When John Keats first saw the Parthenon frieze he was moved by his encounter with the ancients, marvelling at a “still unravish’d bride of quietness” whose legend haunted the shape of deities or mortals, or both, and left the fragile Romantic poet in ecstatic bewilderment: “What men or gods are these?”
The frieze which captured the passion and glory of the Panathenaic procession in Ancient Athens is now divided essentially between Athens and London courtesy of the notorious exploits of Lord Elgin. There are, however, several fragments in other museums and one of those pieces, from the East Frieze, is finally coming home.
The East Parthenon Frieze depicts the culmination of the procession where mortals and the Gods are drawn closer together. One of the segments of this sculptured frieze, known as Slab no. VI, features a number of seated deities, including Poseidon, Apollo, his sister Artemis and Aphrodite.
Artemis has placed her hand on Aphrodite’s arm and is seemingly pointing towards the procession. Aphrodite’s and Artemis’ legs overlap although the sculptural ensemble is interrupted because a fragment, depicting part of the goddess Artemis’ foot and elaborate tunic, is in the Museo Archeologico Antonino Salinas in Palermo, Italy whilst the balance of the surviving segments of this panel are divided between the Acropolis Museum and the British Museum.
The Palermo fragment was ‘acquired’ by the Irish amateur archaeologist and painter Robert Fagan who had been made British Consul General in Sicily and Malta in 1809. It is not known exactly how he came to be in possession of the Parthenon fragment but it may have been given by Elgin himself to his compatriot British consul whilst passing through Sicily. After his death by suicide in 1816 (ironically the same year that the Elgin Marbles were acquired by the British government and transferred to the British Museum) Fagan’s widow donated the piece to the Vatican Museum and eventually it made its way into the collection of the Archaeological Museum in Palermo.
Greece and Italy have been discussing a loan of the Palermo fragment for almost twenty years.
In 2002 the Italian President Carlo Azeglio Ciampi supported the initiative to return the fragment but met considerable resistance from the museum itself which regarded the idea of return as an “anti-cultural” move that would impoverish the museum and deprive it of a piece which had become part of its history and identity. It was as though the Palermo museum was reading from the British Museum playbook.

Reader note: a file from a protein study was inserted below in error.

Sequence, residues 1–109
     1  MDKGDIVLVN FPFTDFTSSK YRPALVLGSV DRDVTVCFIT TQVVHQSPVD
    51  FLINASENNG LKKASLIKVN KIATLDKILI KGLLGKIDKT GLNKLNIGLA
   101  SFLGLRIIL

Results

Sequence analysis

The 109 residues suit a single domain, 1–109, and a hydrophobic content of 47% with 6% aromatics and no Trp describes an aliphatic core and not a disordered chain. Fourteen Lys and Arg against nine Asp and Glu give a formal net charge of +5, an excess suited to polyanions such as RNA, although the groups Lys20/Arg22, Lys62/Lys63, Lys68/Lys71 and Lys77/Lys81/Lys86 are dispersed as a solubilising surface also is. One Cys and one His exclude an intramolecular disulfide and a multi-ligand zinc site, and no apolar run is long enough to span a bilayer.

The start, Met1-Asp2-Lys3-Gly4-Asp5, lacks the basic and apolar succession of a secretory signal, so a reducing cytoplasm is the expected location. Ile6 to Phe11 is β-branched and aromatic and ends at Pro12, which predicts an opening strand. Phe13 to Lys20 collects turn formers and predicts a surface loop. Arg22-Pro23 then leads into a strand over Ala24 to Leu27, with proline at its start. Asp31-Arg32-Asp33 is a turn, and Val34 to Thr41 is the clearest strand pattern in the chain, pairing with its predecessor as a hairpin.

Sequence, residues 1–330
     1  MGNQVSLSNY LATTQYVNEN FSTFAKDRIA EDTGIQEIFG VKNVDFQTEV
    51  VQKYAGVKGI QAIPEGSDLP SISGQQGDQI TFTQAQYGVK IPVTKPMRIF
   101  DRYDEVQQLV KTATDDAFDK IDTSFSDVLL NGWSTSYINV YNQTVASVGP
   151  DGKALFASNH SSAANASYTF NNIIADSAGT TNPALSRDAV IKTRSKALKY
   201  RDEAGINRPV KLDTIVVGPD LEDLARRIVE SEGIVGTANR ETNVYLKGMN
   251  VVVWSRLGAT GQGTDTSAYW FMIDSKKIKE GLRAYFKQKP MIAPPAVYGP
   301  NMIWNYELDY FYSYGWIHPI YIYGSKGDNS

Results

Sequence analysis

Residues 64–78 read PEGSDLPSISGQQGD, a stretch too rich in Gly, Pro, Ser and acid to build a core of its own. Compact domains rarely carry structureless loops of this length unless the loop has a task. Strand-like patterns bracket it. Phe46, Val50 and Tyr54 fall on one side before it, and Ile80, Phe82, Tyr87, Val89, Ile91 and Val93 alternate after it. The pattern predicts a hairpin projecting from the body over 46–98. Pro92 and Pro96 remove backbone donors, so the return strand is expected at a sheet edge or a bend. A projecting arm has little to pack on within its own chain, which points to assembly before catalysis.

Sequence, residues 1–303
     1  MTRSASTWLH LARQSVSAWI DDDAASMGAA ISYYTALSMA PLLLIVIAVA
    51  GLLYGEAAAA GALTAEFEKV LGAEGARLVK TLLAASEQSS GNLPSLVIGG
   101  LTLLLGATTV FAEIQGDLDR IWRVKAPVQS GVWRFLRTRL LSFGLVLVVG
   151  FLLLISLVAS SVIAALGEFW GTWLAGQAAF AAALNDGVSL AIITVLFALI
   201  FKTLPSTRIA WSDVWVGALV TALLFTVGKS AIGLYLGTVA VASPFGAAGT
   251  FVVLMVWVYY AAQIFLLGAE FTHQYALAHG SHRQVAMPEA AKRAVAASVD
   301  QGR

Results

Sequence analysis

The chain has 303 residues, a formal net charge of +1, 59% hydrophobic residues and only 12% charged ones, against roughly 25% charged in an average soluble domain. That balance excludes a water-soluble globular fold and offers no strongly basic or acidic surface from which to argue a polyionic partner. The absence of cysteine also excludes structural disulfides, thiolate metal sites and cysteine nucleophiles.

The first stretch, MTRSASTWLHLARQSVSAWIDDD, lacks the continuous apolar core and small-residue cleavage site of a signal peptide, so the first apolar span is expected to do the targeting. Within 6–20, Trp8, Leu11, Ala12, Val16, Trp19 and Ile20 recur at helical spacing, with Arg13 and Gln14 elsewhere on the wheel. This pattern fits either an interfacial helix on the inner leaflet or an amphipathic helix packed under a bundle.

Dr. Dorothy King, in her book “The Elgin Marbles” (published in 2006) recounts that at the time it was (wrongly) considered that the foot belonged to Aphrodite’s daughter, Peitho who was the goddess of persuasion and seduction and naturally the art of assuaging the fragment’s return was considered by some as an omen. King added (probably echoing what the British Museum would have been thinking) that had the piece been returned to Athens this would have set a precedent.
As it turned out, in September 2008 the fragment was sent to the New Acropolis Museum (which was to open in the following year) after more negotiations. The Greek President Karolos Papoulias thanked his Italian counterpart, Giorgio Napolitano, who had presented the Greek authorities with the fragment, stressing the symbolism inherent in the gesture in the wider context of Greece’s campaign for the return of the Parthenon Marbles from the British Museum.
The then Culture Minister Michalis Liapis also said the loan from Palermo was a boost to Greece’s campaign to reunite all the Parthenon works at the new museum at the foot of the Acropolis, emphasising that the “positive responses we received in our international efforts encourage us to continue until we have achieved our target.”
However, the Palermo fragment returned to Sicily in 2010.
But the symbolism in procuring a long-term loan of the Parthenon fragment from Palermo was not lost on the Greeks. Finally, communications in earnest began in January 2021 between the Regional Government of Sicily and the Greek Minister of Culture and Sports, Dr Lina Mendoni, as well as between the two museums, to bring this to fruition.
The proposed arrangement is for a long term loan for at least eight years with the ability to renew the loan. In return, Greece will reciprocate with the loan of a headless statue of Athena and a geometric vase, each for four years, to be followed by other rare exhibits on a rotating basis.
The return is significant.
For a start, it will be an exemplar of enlightened curatorial and museum co-operation between countries and museums and will remind the world that Greece has made similar overtures to the British authorities for the return of the Elgin collection in exchange for a recurring loan of Classical Greek antiquities that have never before left Greece.
The reunification of the Palermo fragment is also significant at another level.
There are other fragments in museums throughout Europe, including the Louvre, the Vatican, the Museum of Art History in Vienna and the National Museum of Copenhagen. It is widely thought that in the past the British Museum has quietly pressured these museums not to yield to any Greek request for the return of those fragments for the obvious reason that it would cast the Trustees in Bloomsbury in a bad light.
One can only hope that the reunification of the gods of the Parthenon Frieze will not end here.